Back in Baltimore, Chuck enrolled at Johns Hopkins University, studied for three years, and graduated in 1949 with a B.A. degree and a focus on biology. That same year, on May 21, he married Patricia Allen Barrett, a dancer, singer, and stage performer from the ranching town of Meeker, Colorado. They had met at Colorado College a year earlier while he was taking a summer Spanish course to fulfill a requirement for Hopkins. Pat was studying dance with Hanya Holm, one of the " Big Four" founders of modern dance. Shortly before his graduation, Chuck applied for teaching jobs at seven independent schools. " I wrote seven application letters and got seven offers," Chuck recalled. " I chose Avon Old Farms because it was the only school that offered housing for married couples. Deerfield, Choate, and the others didn't offer apartments."30 Chuck and Pat settled into life at Avon near Connecticut's Farmington Valley. The school remains a coat-and-tie school where boys write their own histories, in the words of Francis M. Froelicher, " Uncle Pete," the school's first headmaster (1927-29). But long before Chuck was hired as a science teacher, Francis had moved west with his call to " write your own history" and became the founding headmaster of the Fountain Valley School in Colorado Springs, where he presided from 1930 to 1950. The couple remained at Avon from the fall of 1949 to the summer of 1952. Chuck taught general science and biology and, put in charge of the school's community service program, started three business ventures with students. Taking advantage of large maple-tree groves on campus, they tapped the trees to drain the sap and make syrup, which they sold to school families. They built a trout hatchery on a small feeder stream and released the fry to build the trout population. In a similar vein, they hatched and released hundreds of pheasants. In addition, Froelicher wove a passionate concern for current affairs into the culture of the school. For several years, Avon won awards from a national publicaion that sponsored current-events contests for students.33 Pat managed the school store, which sold books and supplies to the boarding students. Intended to generate income for Pat, the store lost money. Chuck described her as: " An artist, yes. A manager of a small business, no." When the store's losses equaled Chuck's annual salary, he took over. By the end of the year, the store had broken even. By June of the following year, 1952, it had made a substantial profit.34 A school parent recognized Chuck's aptitude for business and, being an executive with the J.C. Penney company, offered Chuck a job with any Penney's store in the American West. Chuck chose Denver. He had become restless at Avon Old Farms, and Colorado beckoned. Thus began the peripatetic phase of Chuck's life. A series of rapid job changes reflected his varied talents as he: sold men's clothing at JC Penney in Denver for nine months; moved to Meeker to work on his father-inlaw's ranch, the Bar WK, baling hay and mending fences; accepted a job in August, 1953 to serve as dean of the Arizona Desert School near Tucson AZ, but the school failed to raise sufficient funds to begin the school year and closed permanently; drove to California with Pat to seek work and, at a cook-out, met a school superintendent who offered him a job teaching math and algebra at El Sausal Junior High School in Salinas; Back in Baltimore, Chuck enrolled at Johns Hopkins University, studied for three years, and graduated in 1949 with a B.A. degree and a focus on biology. That same year, on May 21, he married Patricia Allen Barrett, a dancer, singer, and stage performer from the ranching town of Meeker, Colorado. They had met at Colorado College a year earlier while he was taking a summer Spanish course to fulfill a requirement for Hopkins. Pat was studying dance with Hanya Holm, one of the " Big Four" founders of modern dance. Shortly before his graduation, Chuck applied for teaching jobs at seven independent schools. " I wrote seven application letters and got seven offers," Chuck recalled. " I chose Avon Old Farms because it was the only school that offered housing for married couples. Deerfield, Choate, and the others didn't offer apartments."30 Chuck and Pat settled into life at Avon near Connecticut's Farmington Valley. The school remains a coat-andtie school where boys " write their own histories," in the words of Francis M. Froelicher, " Uncle Pete," the school's first headmaster (1927-29). But long before Chuck was hired as a science teacher, Francis had moved west with his call to " write your own history" and became the founding headmaster of the Fountain Valley School in Colorado Springs, where he presided from 1930 to 1950.32 The couple remained at Avon from the fall of 1949 to the summer of 1952. Chuck taught general science and biology and, put in charge of the school's community service program, started three business ventures with students. Taking advantage of large maple-tree groves on campus, they tapped the trees to drain the sap and make syrup, which they sold to school families. They built a trout hatchery on a small feeder stream and released the fry to build the trout population. In a similar vein, they hatched and released hundreds of pheasants. In addition, Froelicher wove a passionate concern for current affairs into the culture of the school. For several years, Avon won awards from a national publication that sponsored current-events contests for students.33 Pat managed the school store, which sold books and supplies to the boarding students. Intended to generate income for Pat, the store lost money. Chuck described her as: " An artist, yes. A manager of a small business, no." When the store's losses equaled Chuck's annual salary, he took over. By the end of the year, the store had broken even. By June of the following year, 1952, it had made a substantial profit.34 A school parent recognized Chuck's aptitude for business and, being an executive with the J.C. Penney company, offered Chuck a job with any Penney's store in the American West. Chuck chose Denver. He had become restless at Avon Old Farms, and Colorado beckoned. Thus began the peripatetic phase of Chuck's life. A series of rapid job changes reflected his varied talents as he: sold men's clothing at JC Penney in Denver for nine months; moved to Meeker to work on his father-inlaw's ranch, the Bar WK, baling hay and mending fences; accepted a job in August, 1953 to serve as dean of the Arizona Desert School near Tucson AZ, but the school failed to raise sufficient funds to begin the school year and closed permanently; drove to California with Pat to seek work and, at a cook-out, met a school superintendent who offered him a job teaching math and algebra at El Sausal Junior High School in Salinas;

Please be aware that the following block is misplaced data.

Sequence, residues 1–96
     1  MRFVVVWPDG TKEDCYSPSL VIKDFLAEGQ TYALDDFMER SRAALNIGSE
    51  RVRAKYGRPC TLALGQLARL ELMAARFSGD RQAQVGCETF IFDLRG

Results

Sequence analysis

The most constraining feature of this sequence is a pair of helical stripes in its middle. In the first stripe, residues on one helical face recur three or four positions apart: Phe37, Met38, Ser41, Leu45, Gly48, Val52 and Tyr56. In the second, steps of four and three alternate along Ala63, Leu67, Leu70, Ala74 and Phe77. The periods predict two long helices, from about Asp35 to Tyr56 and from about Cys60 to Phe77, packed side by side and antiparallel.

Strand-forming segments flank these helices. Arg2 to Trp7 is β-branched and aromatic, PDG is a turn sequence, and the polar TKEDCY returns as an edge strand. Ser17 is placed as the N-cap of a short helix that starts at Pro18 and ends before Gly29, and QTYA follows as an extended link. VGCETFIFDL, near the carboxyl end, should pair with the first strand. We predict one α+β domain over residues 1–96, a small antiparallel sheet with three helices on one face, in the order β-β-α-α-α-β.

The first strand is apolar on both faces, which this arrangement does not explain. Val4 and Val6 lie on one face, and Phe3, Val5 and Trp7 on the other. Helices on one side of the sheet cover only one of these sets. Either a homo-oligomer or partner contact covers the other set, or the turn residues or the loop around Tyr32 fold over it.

F. Charles (Chuck) Froelicher died peacefully at his home in Denver, Colorado on October 17, 2014. He was 89.